Hey, you know that thing you carry around in your pocket and spend too much time on? Yeah, well the rates for that just went up and there’s pretty much nothing you can do about it.
Last week, wireless rates for Bell and Rogers (and all of their subsidiaries) went up by $5 because they hate you. Just kidding, they just want more money.
But still, the rates went up and that means you’re paying $120 more over your two-year term. Now, if you want to get the nicest and most sought-after phones, you have to pay at least $80 a month for their "premium" plans, the only ones eligible for the topend smartphones. Want an iPhone, Galaxy phone or something similar? Time to cough up at least $80 a month over a two-year term, on top of a couple of hundred for the phone.
The real stinger is that literally nothing has changed in the plans, they just increased them by $5. You still only get 500MB of data for the lowest ($80) plan, and if you want to go bigger, you can get 1GB for $85,
2GB for $90 and 4GB for $110. Nevermind that they have $69 plans (formerly $64) offering a 1GB of data and pretty much everything else along similar lines.
And what about Telus, the third carrier that makes up the trifecta of evil? Well, they actually raised their prices back in January, so this is just catchup for Bell and Rogers.
Asked to comment, PR flaks for the companies basically said they want to improve customers’ experiences, blah, blah, blah. If they had to spin it, they could have at least tried, right? Why not blame the sagging Canadian dollar? The costs of video games have gone up $5 earlier this year, which retailers are blaming on exactly that. It might not be true, but at least make an effort to convince us.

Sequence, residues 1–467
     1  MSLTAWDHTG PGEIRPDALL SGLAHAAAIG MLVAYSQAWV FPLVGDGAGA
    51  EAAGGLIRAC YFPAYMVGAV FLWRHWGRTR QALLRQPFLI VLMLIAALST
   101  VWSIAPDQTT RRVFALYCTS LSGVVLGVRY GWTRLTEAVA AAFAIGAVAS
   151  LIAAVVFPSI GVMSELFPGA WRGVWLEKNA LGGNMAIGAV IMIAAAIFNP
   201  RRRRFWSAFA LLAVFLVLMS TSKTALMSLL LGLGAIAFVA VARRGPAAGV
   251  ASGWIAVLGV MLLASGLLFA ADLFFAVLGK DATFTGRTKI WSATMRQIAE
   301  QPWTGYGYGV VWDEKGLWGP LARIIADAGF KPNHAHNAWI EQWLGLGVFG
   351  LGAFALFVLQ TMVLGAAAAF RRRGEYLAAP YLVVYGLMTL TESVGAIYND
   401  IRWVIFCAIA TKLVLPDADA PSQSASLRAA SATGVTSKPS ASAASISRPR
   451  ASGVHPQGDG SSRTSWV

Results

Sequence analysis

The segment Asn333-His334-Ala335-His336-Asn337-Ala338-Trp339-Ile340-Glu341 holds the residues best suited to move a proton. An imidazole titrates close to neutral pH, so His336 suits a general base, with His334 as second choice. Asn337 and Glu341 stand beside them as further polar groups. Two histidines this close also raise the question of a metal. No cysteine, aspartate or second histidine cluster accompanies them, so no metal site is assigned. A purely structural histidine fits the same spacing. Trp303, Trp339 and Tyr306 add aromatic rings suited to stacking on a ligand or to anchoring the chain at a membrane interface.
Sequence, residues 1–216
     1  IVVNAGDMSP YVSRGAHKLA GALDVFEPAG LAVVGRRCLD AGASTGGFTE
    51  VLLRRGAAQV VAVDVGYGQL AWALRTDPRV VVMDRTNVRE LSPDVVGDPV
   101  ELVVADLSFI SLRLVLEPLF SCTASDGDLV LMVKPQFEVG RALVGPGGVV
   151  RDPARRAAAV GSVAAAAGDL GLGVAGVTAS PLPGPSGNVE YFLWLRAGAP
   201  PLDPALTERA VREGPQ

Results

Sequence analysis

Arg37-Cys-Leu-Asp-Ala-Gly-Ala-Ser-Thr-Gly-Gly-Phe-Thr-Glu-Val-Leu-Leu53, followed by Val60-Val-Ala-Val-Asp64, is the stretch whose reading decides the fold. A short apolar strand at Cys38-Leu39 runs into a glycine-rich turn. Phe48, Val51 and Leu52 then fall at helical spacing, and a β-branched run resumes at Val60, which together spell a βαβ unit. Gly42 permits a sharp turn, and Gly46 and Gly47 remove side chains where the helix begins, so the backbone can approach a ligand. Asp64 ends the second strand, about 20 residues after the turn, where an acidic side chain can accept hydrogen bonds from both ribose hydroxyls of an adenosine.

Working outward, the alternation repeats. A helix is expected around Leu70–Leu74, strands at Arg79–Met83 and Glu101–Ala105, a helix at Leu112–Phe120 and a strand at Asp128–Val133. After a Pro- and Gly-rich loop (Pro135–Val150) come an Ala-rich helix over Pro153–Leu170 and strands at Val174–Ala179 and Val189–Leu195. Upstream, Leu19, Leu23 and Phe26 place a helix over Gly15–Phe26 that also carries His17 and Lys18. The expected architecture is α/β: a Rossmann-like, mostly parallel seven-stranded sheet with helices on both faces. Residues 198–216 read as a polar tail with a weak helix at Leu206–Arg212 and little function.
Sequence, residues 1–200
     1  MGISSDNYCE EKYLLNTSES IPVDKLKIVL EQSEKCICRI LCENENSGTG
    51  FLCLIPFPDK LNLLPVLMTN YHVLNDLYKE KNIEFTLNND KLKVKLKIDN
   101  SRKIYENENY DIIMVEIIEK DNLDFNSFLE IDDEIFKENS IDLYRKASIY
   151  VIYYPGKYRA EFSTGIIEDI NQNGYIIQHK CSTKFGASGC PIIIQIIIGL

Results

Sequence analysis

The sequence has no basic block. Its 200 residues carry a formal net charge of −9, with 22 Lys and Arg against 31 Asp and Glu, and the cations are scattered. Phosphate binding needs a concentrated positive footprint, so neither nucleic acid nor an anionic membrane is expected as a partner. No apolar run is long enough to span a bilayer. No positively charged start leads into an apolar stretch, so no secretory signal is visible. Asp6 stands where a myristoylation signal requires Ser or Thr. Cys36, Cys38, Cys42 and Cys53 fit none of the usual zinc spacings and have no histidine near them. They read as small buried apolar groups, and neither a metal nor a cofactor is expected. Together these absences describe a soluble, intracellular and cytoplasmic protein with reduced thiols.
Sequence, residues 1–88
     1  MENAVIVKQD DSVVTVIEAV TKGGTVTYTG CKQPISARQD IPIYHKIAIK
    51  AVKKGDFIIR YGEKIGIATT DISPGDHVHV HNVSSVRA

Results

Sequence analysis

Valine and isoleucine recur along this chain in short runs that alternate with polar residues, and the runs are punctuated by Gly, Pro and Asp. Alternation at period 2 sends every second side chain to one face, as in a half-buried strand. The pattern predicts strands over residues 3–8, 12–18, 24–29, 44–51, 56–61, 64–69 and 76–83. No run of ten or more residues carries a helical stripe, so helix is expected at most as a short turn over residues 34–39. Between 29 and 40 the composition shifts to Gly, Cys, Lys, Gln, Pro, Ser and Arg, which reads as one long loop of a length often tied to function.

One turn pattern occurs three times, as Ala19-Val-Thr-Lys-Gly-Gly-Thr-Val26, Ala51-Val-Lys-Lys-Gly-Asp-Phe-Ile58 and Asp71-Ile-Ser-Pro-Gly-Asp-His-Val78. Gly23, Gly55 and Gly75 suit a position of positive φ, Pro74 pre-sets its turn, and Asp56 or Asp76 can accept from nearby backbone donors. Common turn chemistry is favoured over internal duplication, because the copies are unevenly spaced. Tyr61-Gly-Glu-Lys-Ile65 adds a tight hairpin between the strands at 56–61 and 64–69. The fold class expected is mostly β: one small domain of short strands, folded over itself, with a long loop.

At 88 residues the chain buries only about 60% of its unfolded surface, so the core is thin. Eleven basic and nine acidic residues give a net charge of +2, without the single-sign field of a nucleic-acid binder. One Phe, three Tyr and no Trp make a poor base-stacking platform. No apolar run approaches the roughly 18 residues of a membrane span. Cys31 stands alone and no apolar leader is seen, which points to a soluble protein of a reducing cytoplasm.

Meanwhile, Wind Mobile is struggling to maintain its foothold in Canada. As perhaps the only real competitor to the big three, the independent Torontobased company was hit hard earlier in March when its foreign owner, VimpelCom Ltd., assessed Wind’s value
at zero. The assessment came during the posting of VempelCom’s latest quarterly report, which posted a $2.67-billion loss.
So basically, this is where we stand with Canada’s wireless options today: We have a dying independent carrier that offered much cheaper plans but could not muster the customer base to move on, we have a Quebec company (Videotron) that could consider entering B.C. and two other provinces, thanks to its winning bid on a spectrum auction, and we have the big three raising prices because they can.
Some might say users had their chance at an independent provider in Wind, while others blame the feds for not reigning in what some see as blatant collusion. Others might see it as capitalism reigning supreme. Either way, enjoy that hefty 500MB of data, and make sure you don’t spend it all in once place.